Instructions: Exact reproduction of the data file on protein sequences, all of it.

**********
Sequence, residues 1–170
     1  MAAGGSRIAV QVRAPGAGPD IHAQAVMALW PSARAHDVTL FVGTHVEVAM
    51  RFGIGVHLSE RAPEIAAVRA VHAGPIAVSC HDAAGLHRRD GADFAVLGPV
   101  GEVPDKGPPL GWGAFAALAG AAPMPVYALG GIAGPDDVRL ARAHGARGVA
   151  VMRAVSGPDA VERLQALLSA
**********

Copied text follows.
Sequence, residues 1–170
     1  MAAGGSRIAV QVRAPGAGPD IHAQAVMALW PSARAHDVTL FVGTHVEVAM
    51  RFGIGVHLSE RAPEIAAVRA VHAGPIAVSC HDAAGLHRRD GADFAVLGPV
   101  GEVPDKGPPL GWGAFAALAG AAPMPVYALG GIAGPDDVRL ARAHGARGVA
   151  VMRAVSGPDA VERLQALLSA